Job Brown went west from his birthplace in Yates County, New York in 1823. He worked the lead mines in Galena and served in the Mexican War before heading upriver and staking a claim at the base of Wildcat Bluff in 1848. According to an old history book, Job “…attained quite a notoriety as a reckless and desperate man, especially when under the influence of liquor, to the use of which he was moderately addicted.”
The area by Wildcat Bluff had a favorable location for a boat landing; slowly a small settlement grew among the scree. In 1854, Job, his brother Charles, and James Hiner platted a village they called Brownsville; I guess Hinerville didn’t have the same cachet.
From 1855 to 1856, the village’s population jumped from 50 to 228 and reached 806 by 1875. Early businesses included a grist mill, a sawmill, and a brewery. The basics. On July 4, 1855 the town celebrated Independence Day in a big way. Fred Gluck traveled to Iowa and bought an ox (which had been generously paid for by Mr. L.A. Smith). The ox was butterflied and cooked slowly over hot coals (along with a pig and other goodies). Charles Brown gave a speech, and a local citizen read the Declaration of Independence. The festival drew hundreds of people and a story in the local newspaper, but no one tweeted about the event or posted any pictures on their Facebook page.
Brownsville had a reasonably busy steamboat landing for a number of years and was connected by stagecoach to several area towns. A small pox epidemic in 1857 killed 16 people but folks forged ahead. Brownsville was another regional transit point for a while, especially for grain shipping. Given its location next to the Mississippi River, fishing, trapping, clamming, and ice harvesting supported many people.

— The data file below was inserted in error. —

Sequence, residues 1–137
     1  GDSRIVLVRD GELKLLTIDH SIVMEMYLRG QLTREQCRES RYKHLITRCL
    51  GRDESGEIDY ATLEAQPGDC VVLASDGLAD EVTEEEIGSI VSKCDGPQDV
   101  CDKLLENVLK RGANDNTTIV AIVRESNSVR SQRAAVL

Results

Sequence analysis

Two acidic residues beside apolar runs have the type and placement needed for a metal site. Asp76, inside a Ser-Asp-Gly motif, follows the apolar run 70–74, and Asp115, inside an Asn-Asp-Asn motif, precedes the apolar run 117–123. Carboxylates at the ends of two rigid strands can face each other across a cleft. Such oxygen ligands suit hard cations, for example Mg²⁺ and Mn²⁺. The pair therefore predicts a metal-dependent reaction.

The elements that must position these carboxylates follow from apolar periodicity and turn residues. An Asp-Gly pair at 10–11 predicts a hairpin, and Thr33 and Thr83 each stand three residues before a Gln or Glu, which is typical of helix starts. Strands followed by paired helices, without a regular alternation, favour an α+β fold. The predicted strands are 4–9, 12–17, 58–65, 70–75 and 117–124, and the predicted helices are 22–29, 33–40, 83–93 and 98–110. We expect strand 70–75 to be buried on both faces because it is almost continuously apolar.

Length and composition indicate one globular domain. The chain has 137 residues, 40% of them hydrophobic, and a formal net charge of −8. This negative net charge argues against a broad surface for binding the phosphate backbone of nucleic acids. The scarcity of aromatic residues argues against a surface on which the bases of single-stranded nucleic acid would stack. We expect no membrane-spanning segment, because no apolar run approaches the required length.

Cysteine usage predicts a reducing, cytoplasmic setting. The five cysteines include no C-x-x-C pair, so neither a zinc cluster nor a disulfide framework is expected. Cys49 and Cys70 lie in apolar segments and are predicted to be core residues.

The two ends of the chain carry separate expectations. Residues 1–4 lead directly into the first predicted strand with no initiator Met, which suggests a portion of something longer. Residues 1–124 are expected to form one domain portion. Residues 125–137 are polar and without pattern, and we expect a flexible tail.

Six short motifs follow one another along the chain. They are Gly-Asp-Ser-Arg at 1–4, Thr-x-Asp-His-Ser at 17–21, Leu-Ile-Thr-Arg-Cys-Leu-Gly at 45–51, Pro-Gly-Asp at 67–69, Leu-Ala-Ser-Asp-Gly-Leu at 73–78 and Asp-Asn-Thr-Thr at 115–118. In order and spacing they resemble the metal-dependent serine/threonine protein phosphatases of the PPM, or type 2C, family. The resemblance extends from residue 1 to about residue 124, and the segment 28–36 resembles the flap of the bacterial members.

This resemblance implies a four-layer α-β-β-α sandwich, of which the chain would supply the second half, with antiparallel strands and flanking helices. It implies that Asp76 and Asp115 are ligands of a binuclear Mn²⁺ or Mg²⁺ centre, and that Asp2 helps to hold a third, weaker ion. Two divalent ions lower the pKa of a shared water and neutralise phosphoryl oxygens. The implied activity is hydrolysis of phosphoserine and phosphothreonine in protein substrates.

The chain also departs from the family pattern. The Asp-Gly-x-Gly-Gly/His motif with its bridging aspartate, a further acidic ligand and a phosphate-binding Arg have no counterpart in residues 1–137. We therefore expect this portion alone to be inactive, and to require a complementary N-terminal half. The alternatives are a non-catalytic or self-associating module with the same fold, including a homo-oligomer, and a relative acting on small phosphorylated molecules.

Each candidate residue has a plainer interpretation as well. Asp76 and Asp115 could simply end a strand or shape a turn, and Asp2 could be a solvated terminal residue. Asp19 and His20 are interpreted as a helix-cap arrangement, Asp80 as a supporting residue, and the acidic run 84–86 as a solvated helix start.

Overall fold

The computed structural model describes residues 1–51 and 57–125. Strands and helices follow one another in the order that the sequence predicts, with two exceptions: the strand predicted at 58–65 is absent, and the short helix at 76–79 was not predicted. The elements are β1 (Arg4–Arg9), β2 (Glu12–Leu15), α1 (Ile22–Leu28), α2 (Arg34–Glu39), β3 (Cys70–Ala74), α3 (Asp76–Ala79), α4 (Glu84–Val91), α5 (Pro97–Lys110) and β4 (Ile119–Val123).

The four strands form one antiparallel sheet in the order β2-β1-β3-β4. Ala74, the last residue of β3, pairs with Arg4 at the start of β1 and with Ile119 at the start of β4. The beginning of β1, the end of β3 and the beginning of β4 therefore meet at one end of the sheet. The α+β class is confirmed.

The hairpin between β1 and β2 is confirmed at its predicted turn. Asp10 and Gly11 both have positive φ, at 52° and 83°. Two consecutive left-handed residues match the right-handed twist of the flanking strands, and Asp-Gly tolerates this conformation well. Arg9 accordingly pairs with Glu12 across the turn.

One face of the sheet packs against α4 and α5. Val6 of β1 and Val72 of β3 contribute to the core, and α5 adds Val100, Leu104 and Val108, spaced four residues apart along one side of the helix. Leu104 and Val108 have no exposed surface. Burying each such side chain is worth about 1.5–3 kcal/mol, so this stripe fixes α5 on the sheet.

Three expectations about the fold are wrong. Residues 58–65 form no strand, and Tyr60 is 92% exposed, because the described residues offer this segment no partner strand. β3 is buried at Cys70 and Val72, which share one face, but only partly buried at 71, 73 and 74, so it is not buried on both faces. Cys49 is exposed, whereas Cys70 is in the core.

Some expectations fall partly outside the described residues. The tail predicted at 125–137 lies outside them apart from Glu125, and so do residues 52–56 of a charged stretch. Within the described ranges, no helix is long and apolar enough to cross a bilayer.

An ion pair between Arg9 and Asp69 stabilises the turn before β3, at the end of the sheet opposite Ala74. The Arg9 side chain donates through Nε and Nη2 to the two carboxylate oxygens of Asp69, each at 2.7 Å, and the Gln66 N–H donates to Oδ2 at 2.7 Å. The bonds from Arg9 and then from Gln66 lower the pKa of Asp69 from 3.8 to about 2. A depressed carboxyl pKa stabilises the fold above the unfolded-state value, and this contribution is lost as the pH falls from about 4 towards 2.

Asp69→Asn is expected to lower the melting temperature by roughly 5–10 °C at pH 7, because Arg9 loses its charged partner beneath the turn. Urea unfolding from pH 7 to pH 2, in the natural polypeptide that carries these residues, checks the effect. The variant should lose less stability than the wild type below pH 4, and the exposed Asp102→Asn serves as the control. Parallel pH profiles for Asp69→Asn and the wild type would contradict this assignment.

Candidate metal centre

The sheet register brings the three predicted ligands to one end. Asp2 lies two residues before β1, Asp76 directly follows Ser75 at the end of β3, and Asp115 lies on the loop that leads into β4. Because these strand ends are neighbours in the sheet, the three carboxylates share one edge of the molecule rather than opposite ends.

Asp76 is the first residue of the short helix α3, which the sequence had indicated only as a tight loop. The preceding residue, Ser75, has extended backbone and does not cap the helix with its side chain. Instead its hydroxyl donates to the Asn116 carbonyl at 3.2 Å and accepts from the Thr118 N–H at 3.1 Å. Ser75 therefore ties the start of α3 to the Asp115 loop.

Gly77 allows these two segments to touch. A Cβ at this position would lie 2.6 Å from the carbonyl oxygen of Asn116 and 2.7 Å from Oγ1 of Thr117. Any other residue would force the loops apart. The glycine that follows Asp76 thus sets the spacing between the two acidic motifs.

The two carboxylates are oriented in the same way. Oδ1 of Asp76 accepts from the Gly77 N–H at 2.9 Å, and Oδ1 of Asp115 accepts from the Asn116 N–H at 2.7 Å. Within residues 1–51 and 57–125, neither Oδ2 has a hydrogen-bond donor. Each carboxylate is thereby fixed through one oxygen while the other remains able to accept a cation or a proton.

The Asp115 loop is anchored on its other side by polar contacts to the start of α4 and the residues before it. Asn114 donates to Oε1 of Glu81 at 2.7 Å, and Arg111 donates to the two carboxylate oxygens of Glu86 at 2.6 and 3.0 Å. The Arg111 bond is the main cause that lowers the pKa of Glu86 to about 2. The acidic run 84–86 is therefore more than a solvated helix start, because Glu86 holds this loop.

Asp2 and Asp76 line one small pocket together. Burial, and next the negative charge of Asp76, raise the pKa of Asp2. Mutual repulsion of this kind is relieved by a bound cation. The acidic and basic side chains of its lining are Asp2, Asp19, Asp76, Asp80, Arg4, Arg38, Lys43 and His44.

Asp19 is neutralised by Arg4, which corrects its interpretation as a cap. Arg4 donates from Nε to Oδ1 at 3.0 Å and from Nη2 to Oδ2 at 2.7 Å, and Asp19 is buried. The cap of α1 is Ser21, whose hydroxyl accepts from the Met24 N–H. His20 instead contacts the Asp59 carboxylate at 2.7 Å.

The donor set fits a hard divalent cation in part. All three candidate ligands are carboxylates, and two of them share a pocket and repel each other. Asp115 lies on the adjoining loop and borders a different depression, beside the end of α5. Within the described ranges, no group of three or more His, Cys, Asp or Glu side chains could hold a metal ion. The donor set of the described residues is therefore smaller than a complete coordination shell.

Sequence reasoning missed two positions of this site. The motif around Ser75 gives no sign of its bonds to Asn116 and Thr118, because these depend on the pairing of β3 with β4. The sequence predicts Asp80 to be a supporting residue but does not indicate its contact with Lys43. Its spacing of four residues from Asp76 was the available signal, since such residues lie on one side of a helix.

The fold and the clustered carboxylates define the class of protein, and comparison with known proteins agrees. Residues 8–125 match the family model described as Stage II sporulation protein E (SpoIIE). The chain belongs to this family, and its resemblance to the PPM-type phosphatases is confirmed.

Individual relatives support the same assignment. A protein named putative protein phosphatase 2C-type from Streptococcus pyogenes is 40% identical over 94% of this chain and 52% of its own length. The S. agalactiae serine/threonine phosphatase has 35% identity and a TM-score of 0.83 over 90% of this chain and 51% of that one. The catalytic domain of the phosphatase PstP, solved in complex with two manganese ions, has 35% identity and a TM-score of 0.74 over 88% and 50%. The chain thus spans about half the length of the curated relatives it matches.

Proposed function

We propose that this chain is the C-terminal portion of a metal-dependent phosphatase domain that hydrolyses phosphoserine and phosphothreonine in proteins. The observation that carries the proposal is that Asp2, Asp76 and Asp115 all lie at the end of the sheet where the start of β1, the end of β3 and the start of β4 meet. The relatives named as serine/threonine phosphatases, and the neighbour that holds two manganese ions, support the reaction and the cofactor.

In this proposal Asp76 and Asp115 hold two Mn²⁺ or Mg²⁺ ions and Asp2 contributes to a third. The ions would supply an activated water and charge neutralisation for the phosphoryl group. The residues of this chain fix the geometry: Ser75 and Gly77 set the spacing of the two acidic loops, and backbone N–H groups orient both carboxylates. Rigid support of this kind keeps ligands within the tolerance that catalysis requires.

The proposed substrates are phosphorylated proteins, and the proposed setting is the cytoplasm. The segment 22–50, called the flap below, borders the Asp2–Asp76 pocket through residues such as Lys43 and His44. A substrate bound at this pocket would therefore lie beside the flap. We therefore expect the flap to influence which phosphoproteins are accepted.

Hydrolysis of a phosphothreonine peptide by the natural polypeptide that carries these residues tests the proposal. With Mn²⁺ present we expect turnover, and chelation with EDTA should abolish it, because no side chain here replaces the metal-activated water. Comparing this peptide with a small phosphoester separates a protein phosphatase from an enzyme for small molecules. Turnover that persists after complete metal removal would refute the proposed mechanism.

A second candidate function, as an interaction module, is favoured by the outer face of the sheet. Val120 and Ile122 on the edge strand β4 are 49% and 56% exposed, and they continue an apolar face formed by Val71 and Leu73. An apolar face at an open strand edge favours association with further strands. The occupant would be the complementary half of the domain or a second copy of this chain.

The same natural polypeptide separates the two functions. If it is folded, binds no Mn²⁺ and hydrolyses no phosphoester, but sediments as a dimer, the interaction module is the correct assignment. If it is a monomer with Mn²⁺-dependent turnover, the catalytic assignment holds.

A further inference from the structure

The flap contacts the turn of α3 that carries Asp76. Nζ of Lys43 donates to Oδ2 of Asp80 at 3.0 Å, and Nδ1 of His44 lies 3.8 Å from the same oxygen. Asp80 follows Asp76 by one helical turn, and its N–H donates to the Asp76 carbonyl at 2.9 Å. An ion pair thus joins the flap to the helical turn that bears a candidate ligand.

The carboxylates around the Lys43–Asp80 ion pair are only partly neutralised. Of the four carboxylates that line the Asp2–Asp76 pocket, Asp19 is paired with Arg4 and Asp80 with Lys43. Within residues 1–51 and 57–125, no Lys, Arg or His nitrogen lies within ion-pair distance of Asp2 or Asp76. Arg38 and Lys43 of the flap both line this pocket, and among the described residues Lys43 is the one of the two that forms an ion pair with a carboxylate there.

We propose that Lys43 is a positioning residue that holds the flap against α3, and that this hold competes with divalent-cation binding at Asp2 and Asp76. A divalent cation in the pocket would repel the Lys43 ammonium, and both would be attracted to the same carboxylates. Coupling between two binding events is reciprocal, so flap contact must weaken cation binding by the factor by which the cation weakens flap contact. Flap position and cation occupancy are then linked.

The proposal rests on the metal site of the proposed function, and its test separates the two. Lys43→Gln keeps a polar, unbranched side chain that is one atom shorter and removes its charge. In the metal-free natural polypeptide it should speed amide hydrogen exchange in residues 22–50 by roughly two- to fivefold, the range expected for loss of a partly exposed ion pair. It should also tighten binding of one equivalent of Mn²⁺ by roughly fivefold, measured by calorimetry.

In spite of its early promise, Brownsville never hit it big. Job Brown moved away by 1860, although he stayed close to the Mississippi River for much of the rest of his life. In 1868 he cleaned up his act, found Jesus, and became a preacher. His brother, Charles, who was generally regarded as a kind and generous man, especially to struggling travelers, had a mental breakdown and died in 1873 at the St. Peter Insane Asylum.
The town named after them never sustained much economic success. Fires took a toll on the old business district, which disappeared almost completely in 1950 when Minnesota Highway 26 was built; the business district now runs west from the river along a higher plateau. Brownsville settled into the role of a small river town. Today, most residents commute to work elsewhere.